How does the emissions trading system support EU climate objectives?
On 1 January 2020, Switzerland will become the first country to successfully link its greenhouse gas emissions trading system with the EU emissions trading system (EU ETS).
This completes a process which has taken almost 10 years. On 17 December 2010, the Council authorised the European Commission to open negotiations with the Swiss Confederation for this agreement. The formal procedures for the linking have now been completed, and the agreement can enter into force on 1 January 2020.
The EU ETS is one of the main tools for the cost-effective reduction of greenhouse gas emissions in particular from energy-intensive industries and power plants. This agreement will be mutually beneficial for the EU and the Swiss Confederation, as linking cap and trade systems can increase the availability of reduction opportunities and enhance the cost-efficiency of emissions trading.
The development of a well-functioning international carbon market through bottom-up linking of emissions trading systems is a long term policy goal of the EU and the international community. It helps contribute to the climate objectives under the Paris Agreement.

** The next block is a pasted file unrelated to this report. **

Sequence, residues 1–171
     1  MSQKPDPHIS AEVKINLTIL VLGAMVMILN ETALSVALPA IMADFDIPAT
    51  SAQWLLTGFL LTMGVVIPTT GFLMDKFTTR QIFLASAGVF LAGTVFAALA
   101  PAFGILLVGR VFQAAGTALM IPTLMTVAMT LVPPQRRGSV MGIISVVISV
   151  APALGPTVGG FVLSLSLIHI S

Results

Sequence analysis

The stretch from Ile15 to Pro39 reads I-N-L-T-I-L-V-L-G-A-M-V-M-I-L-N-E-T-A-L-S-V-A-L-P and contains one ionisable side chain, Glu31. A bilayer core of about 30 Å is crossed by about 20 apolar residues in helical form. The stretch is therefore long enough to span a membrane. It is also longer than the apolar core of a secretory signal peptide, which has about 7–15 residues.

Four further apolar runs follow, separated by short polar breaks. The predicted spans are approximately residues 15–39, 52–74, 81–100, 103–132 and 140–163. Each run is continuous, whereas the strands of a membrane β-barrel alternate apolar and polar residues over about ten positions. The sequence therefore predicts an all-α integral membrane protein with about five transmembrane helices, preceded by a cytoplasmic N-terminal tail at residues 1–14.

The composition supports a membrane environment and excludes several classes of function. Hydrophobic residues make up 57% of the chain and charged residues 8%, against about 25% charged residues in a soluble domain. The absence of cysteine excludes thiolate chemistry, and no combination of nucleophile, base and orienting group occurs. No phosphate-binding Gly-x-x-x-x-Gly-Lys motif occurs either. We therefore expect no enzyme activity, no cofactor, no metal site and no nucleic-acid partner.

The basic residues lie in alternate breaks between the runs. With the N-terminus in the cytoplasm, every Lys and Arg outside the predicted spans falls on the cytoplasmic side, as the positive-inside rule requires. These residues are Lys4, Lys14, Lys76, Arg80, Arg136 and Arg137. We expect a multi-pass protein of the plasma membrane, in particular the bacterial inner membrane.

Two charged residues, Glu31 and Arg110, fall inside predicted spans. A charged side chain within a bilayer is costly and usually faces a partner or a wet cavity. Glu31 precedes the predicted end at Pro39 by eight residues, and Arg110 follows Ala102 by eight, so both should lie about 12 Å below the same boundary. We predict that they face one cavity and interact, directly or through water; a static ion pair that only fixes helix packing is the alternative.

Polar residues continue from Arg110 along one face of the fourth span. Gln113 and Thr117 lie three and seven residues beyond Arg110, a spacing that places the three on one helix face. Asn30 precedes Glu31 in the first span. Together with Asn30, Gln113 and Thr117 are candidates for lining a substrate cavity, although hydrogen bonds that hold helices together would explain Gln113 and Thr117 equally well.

According to the rules of the EU ETS, it can be linked with other emissions trading systems provided they are mandatory, have an absolute cap on emissions and are compatible with it, as it is the case with the Swiss system.
On 17 December 2010, the Council authorised the European Commission to open negotiations with the Swiss Confederation for this agreement.
On 10 November 2017 the Council authorised the signing and provisional application of the agreement.
However, for the agreement to fully enter into force, it was necessary for the Swiss ETS to cover aviation. Switzerland has now put in place all the necessary rules extending its ETS to aviation, and the agreement has been amended accordingly, making it possible to bring it into force.
The formal exchange of the instruments of approval or ratification by both parties followed, which means that the agreement can enter into force on 1 January 2020.